The European Banking Authority (EBA) has published its proposals for a new prudential framework for MiFID investment firms. The recommendations have been submitted to the European Commission (‘the Commission’), which is expected to propose legislation by the end of the year. The final proposals are in line with previous recommendations, but with minor alterations to the calibration methodology which will result in a softening of the impact on some firms.
The finalised proposal covers the following areas:
- A single consolidated rulebook, that is separate from the one applied to credit institutions, should be developed for all (non-Class 1) MiFID investment firms.
- To aid transition, it is proposed that new capital requirements on an individual and consolidated basis should be limited to twice the level of capital requirements under the existing regime for the first three years.
- The EBA is prepared to review and report to the Commission on the appropriateness of the calibration, and the impact of the regime after two - three years.
- MiFID investment firms should be subject to a three tier categorisation system. Class 1 firms should be systemic investment firms which are exposed to the same types of risk as credit institutions, and should be subject to the full Capital Requirements Directive/Capital Requirements Regulation (CRD/CRR); Class 2 firms should be non-systemic firms that are above specific thresholds and subject to a tailored prudential regime based on K-factors; and Class 3 firms should be small and non-interconnected and subject to a simple regime.
- Further Level 2 Regulatory Technical Standards are to be developed by the EBA to identify the Class 1 firms.
- The EBA’s current proposal is to exclude firms that meet the following criteria from Class 3:
- a balance sheet total that is higher than €100m;
- total gross revenues higher than €30m;
- executed client orders (K-COH) higher than €100m a day for cash trades and/or higher than €1bn a day for derivatives. (This metric has changed from the EBA’s earlier (June) proposal that had been driven by the number of daily orders);
- assets under management (K-AUM) higher than €1.2bn; or
- any (higher than zero) holdings of client money (K-CMH), client assets (K-ASA) or market risks (namely, net position risk (K-NPR), clearing member guarantees (K-CMG), daily trade flows (K-DTF), or trading counterparty defaults (K-TCD)). The K-CMG and K-TCD metrics are new and were not present in the June proposal.
- All investment firms that do not qualify for Class 1 or Class 3 should be considered as Class 2.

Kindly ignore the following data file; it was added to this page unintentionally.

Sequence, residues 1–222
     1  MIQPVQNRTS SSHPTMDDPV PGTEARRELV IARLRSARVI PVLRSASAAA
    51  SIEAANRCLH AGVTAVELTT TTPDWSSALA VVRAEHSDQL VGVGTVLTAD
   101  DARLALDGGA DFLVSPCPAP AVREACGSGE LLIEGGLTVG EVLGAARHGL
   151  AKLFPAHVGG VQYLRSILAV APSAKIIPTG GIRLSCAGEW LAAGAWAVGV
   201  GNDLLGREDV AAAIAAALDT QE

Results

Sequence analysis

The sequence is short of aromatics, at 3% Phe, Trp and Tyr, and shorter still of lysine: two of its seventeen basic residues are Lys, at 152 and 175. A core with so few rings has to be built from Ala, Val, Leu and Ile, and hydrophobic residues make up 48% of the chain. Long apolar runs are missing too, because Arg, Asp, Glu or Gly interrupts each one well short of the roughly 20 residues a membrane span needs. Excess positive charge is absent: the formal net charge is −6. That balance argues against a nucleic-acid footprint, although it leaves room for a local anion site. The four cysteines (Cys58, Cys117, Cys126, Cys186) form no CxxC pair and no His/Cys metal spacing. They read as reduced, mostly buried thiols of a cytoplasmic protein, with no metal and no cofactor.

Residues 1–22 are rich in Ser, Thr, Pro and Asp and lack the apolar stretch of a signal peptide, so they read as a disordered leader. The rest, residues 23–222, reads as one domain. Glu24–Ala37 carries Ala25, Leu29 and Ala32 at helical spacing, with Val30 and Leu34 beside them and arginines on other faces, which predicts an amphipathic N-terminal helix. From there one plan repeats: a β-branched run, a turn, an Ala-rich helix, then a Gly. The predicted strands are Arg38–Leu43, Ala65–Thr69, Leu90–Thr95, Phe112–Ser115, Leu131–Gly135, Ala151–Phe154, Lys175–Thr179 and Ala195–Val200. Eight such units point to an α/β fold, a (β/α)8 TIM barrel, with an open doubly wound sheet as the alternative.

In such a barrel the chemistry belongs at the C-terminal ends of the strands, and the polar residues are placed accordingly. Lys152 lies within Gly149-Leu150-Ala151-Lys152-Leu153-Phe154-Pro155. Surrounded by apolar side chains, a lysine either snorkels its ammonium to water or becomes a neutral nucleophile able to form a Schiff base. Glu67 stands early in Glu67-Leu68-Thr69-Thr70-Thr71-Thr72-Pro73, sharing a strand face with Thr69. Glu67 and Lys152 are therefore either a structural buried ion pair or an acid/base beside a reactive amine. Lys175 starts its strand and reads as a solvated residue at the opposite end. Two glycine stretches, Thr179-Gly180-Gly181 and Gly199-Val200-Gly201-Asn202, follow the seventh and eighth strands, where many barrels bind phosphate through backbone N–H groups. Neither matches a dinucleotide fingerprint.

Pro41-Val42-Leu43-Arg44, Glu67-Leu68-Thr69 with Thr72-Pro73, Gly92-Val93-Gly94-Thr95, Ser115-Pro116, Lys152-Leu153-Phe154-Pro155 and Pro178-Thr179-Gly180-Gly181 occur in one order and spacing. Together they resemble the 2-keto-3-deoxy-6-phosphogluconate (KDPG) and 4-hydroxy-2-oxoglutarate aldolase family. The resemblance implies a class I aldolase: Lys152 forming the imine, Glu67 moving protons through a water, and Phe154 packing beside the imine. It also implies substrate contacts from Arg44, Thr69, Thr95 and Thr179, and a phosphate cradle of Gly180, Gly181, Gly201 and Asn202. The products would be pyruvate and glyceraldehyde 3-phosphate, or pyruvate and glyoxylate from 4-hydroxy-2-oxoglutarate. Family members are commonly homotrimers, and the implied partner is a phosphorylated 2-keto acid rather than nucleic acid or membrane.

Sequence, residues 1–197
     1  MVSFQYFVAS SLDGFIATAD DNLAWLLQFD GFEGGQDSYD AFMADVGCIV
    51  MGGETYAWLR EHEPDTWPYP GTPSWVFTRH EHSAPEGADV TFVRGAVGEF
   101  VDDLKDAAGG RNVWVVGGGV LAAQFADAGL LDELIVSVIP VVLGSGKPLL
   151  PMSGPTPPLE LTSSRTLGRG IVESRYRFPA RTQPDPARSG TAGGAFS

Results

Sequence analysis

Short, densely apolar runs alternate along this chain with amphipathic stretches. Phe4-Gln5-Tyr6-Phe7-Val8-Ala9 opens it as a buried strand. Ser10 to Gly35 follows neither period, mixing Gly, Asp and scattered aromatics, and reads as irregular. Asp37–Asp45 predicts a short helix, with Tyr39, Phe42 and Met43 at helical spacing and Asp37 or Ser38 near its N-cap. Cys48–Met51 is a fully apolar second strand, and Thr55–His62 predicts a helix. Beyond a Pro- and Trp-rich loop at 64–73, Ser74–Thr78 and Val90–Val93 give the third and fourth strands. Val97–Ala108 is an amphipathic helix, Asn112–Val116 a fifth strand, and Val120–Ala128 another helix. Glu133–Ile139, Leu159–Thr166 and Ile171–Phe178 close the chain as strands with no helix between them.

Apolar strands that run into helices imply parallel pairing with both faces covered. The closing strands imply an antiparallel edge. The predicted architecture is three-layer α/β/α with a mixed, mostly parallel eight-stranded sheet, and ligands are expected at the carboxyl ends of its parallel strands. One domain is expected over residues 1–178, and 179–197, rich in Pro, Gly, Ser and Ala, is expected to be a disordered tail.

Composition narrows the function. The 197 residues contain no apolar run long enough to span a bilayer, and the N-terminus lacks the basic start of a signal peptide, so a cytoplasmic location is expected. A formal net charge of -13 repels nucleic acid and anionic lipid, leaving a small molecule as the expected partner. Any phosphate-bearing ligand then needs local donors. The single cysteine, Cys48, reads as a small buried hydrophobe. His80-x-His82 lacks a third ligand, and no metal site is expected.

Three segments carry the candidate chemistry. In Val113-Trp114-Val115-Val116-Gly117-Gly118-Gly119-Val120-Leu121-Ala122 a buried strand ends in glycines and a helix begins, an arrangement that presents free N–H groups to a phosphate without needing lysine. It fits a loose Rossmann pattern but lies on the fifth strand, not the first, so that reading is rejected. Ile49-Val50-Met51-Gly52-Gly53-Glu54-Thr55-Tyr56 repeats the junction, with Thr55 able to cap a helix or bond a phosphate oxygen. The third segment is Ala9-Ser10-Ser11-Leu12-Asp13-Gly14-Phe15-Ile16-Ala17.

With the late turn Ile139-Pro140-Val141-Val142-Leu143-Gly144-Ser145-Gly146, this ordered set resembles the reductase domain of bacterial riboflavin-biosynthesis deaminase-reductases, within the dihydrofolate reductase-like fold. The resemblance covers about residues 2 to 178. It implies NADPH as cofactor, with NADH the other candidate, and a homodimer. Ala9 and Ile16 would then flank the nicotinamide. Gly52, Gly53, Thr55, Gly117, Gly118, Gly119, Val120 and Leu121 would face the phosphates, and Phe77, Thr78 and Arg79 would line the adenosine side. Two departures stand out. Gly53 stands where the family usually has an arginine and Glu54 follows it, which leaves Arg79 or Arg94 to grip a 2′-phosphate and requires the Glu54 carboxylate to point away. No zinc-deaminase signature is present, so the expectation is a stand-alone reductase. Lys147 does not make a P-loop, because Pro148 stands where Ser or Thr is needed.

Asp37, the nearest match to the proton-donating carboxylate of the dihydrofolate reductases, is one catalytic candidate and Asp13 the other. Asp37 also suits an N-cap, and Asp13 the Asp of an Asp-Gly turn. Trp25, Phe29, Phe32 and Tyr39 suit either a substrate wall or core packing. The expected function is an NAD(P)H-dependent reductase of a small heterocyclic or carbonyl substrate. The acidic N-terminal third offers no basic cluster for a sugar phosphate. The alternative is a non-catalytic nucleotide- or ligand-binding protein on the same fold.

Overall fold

- Consolidated supervision requirements will apply to investment firm-only groups and the ultimate parent company will be responsible for all the prudential requirements for the group at the consolidated level. The latter includes responsibility for appropriate systems and control arrangements for capital and funding of all regulated group entities, and liquidity requirements compliance.
- Competent authorities should be granted the power to require the application of capital requirements on a consolidated basis. For example, where groups appear to have deliberately structured themselves into separate entities in order to avoid a Class 2 categorisation, or to mitigate group risk, excessive leverage or multiple gearing.
- The capital definition should align to the CRR, and deductions (with no thresholds applied) should be made for intangible assets and deferred tax assets.
- Common Equity Tier 1, Additional Tier 1 and Tier 2 capital should be eligible to meet regulatory capital requirements. CET1 should constitute at least 56% of the capital requirements. Additional Tier 1 should be eligible up to 44% of capital requirements, and Tier 2 capital should be eligible up to 25% of capital requirements (these ratios have been subject to change since the original proposals were submitted in June).
- An Initial Capital threshold (to be also known as Permanent Minimum Capital – PMC) should be set at €5m for Class 1 investment firms.
- Initial Capital thresholds for Class 2 and 3 firms should be higher than current arrangements and set at €750k, €150k or €75k depending on the services and activities of the investment firm.
- The Fixed Overhead Requirement (FOR) remains aligned to Delegated Regulation 488/2015 at 25% of prior year fixed overheads (to ensure all investment firms have enough resources for an orderly wind down).
- Own account dealing firms should have an initial capital requirement of €750k.
- Class 3 firms should have a minimum capital requirement equal to the higher of the PMC or FOR.
- Class 2 firms should be additionally subject to the K-factor assessment, and therefore required to be subject to a minimum capital requirement based on the higher of the PMC, FOR or the K-factor The proposed K-factor coefficients are calibrated as follows:
- For firms using a General Clearing Member, market risk can be subject to an additional K-factor (clearing member guaranteed) whereby the metric will be derived from the highest total intraday margin posted by the firm in the preceding three month period.
- The K-factors should be underpinned by ‘rolling average’ calculations to prevent cliff edge effects and promote smoothing.
- As noted above, transition arrangements have also been proposed to facilitate a more stable transition to the new regime.